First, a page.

Sunday, July 27, 2014

Miracle reading scores recorded by Joplin fifth, eighth graders

I was surprised that more of  a fuss wasn't made by the Joplin Globe of the miracle reading scores that were recorded by Joplin R-8 fifth and eighth graders last year.

The scores were revealed to the R-8 Board of Education Tuesday night and came as welcome news in a school district that has seen its scores declining every year since C. J. Huff took the helm in 2008.

According to Jennifer Doshier, executive director of elementary education, the eighth graders scored 54 percent proficient in the reading test they took at the end of their seventh grade years, 69 percent in a test taken at the end of September and then 80 percent in a test taken at the end of the 2013-2014 school year.

Fifth graders showed similar results, beginning at about 40 percent at the end of their fourth grade year, moving up to the sixties then, up to 82 percent.

Huff said the goal was to move the students to 90 percent proficiency.

Since most studies have shown that over the summer months students lose some of what they have learned, Doshier noted that students had kept learning during summer school and during the first month of the school year before the tests were administered.

The tests were from Scholastic.

It will be interesting to see if these test scores are repeated when MAP scores are released next month.


Anonymous said...

What a crock of crap! As a teacher myself, thats next to impossible! We can't get all children up to par in a few months.
My daughter was behind and was all year! She busted butt at home with me helping five days of te week with ' homework' that I made for her since she never brought any home. Her final grade...can you all guess??? An 'A'!! Go her! This district is a disgrace. All that shows if you are lazy, chose not yo work to standards, or simply struggle that you still recieve the best possible grade. I'm not saying some kids don't bust it and get grades up but really??? Over 50%?? Any idiot can see whats happening.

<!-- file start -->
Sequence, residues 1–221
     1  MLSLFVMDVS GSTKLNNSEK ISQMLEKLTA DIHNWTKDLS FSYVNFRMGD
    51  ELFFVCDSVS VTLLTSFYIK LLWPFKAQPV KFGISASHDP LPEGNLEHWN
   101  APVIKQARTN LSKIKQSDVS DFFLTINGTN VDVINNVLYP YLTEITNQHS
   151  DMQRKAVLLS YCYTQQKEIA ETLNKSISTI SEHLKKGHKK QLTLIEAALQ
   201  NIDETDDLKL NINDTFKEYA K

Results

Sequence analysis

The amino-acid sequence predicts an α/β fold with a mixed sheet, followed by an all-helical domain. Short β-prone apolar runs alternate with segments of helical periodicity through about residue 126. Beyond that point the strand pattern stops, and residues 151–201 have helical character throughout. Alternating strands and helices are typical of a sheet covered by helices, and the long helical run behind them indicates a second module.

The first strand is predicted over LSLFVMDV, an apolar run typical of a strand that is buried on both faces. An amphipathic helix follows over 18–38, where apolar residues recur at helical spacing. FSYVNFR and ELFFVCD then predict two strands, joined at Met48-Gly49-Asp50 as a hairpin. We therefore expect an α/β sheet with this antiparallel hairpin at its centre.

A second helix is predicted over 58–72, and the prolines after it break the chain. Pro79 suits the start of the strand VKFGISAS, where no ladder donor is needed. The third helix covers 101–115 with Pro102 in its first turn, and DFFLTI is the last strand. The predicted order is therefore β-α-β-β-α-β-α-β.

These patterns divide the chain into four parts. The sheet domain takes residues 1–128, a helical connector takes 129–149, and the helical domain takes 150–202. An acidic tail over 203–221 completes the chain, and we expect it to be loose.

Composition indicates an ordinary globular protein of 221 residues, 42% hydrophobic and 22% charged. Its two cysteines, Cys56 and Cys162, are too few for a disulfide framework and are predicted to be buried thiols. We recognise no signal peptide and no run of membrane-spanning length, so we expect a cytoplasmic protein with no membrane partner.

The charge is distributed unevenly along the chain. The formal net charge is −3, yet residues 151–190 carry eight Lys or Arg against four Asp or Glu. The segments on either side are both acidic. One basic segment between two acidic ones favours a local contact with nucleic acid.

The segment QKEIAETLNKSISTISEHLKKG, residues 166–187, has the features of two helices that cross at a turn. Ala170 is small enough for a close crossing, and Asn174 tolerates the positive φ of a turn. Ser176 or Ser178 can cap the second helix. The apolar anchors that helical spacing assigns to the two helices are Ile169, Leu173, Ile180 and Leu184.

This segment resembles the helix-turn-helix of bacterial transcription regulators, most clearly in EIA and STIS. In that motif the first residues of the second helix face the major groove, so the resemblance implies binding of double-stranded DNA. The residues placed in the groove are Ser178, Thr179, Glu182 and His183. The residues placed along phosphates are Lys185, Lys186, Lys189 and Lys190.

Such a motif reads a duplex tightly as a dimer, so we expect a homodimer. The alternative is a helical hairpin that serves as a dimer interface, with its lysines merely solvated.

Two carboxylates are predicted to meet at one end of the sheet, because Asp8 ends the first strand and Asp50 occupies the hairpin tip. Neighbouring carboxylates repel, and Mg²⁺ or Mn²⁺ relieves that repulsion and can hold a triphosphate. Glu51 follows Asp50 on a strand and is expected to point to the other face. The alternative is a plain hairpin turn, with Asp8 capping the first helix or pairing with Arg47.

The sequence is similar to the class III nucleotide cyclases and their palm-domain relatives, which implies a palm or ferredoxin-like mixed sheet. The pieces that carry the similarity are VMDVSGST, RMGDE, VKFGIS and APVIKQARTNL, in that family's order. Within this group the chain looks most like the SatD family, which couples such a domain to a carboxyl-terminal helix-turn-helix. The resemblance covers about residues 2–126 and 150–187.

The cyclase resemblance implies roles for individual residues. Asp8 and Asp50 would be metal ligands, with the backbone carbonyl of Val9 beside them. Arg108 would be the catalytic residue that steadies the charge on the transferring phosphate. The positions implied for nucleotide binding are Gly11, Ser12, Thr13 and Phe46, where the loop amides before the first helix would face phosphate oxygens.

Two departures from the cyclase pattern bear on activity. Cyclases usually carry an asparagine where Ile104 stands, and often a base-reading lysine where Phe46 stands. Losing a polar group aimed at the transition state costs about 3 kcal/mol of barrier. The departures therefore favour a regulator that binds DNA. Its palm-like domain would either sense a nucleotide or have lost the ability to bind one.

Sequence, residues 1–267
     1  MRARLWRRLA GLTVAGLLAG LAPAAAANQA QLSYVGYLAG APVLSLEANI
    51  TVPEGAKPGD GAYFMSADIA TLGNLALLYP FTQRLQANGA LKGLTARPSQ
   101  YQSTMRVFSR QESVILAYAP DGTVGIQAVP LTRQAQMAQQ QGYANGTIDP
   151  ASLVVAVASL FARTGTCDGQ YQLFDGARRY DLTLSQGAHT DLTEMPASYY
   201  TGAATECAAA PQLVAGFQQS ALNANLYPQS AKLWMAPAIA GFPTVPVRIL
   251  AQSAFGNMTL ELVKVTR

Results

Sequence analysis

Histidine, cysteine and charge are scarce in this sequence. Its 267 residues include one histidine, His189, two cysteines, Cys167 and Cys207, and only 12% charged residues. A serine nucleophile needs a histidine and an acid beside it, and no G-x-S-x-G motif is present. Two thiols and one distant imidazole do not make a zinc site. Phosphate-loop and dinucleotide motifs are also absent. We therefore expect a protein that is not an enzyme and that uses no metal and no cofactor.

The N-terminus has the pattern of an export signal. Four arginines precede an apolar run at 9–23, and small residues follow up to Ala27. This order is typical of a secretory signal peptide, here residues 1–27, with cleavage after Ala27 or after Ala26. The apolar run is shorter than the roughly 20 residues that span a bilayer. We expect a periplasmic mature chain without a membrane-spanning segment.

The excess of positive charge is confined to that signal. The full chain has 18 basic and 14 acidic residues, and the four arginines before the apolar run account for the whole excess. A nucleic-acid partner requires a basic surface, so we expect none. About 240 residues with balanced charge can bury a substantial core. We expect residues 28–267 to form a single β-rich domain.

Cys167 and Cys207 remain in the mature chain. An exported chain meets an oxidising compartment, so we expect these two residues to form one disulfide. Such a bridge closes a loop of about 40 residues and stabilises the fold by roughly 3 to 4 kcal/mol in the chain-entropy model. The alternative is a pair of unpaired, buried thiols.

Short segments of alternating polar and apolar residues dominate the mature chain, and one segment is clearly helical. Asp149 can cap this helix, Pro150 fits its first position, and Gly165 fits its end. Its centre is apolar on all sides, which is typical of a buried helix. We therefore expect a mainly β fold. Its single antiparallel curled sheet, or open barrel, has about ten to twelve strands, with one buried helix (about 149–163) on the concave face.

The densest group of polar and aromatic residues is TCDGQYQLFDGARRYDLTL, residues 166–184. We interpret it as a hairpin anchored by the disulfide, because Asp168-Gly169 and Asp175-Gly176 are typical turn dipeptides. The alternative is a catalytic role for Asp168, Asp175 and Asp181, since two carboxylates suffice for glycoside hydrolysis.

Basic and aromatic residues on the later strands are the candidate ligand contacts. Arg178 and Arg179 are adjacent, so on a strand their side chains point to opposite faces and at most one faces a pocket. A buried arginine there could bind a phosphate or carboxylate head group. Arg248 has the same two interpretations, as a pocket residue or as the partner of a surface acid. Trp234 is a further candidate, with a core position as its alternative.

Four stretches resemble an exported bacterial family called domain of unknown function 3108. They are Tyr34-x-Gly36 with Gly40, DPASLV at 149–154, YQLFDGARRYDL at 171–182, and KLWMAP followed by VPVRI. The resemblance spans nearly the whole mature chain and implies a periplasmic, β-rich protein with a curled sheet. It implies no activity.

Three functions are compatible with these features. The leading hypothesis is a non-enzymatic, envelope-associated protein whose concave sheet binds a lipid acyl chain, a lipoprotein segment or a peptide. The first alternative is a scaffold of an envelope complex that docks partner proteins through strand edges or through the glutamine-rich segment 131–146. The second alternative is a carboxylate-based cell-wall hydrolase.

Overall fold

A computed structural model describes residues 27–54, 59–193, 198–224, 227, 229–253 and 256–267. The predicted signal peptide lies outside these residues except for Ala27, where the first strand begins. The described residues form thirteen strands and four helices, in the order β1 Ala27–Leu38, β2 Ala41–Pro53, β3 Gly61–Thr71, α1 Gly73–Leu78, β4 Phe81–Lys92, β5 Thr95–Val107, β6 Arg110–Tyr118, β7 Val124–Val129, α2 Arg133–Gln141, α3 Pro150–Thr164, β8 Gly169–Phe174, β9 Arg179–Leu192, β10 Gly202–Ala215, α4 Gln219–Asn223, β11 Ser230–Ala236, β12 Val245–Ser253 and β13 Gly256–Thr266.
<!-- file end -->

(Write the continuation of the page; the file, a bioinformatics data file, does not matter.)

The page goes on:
Anonymous said...

Similar to the increase in graduation rates, if you simply change the way you figure the scores/rates, you can make it come out however you want. You know that old saying about figures don't lie but liars figure.

Anonymous said...

Are these read 180 kids?

Anonymous said...

Hmmmm Miraculous or something else.

Anonymous said...

This is what happens when you try to attach numbers to learning. Assessments and scores are manipulated to show whatever result administration wants to show. Many of the assessments the school is using is nothing more than a giving a pretest over material that students have never covered before, followed by the teaching of the new material for a few days, then the administering of a post-test that then shows student "improvement". Unfortunately, these assessments in no way measure any long-term learning. The scores also won't translate to end-of-year testing, such as the MAP, when students are then asked to recall the material they supposedly mastered during the 3 days they talked about it in September or October. Unfortunately, the high stakes testing then forces the teachers to drop everything later in the year and teach only for these tests. The hypocrisy in education right now is huge. Everyone wants tougher, more rigorous standards that hold students accountable, but funding and accreditation are dependent upon passing as many students as possible and achieving high graduation rates. These two goals do not go hand-in-hand. It is only logical that the more demanding and rigorous the curriculum, the fewer the number of students that master the material will be. This is why manufactured statistics have to be used by the districts. So much time is wasted on the never-ending testing. What if districts quit worrying about tests and statistics and put all of their emphasis on quality instructional time and instilling a true joy of learning in the students? It is sad that this sentiment seems all but impossible in the current profit-driven, politically charged educational climate.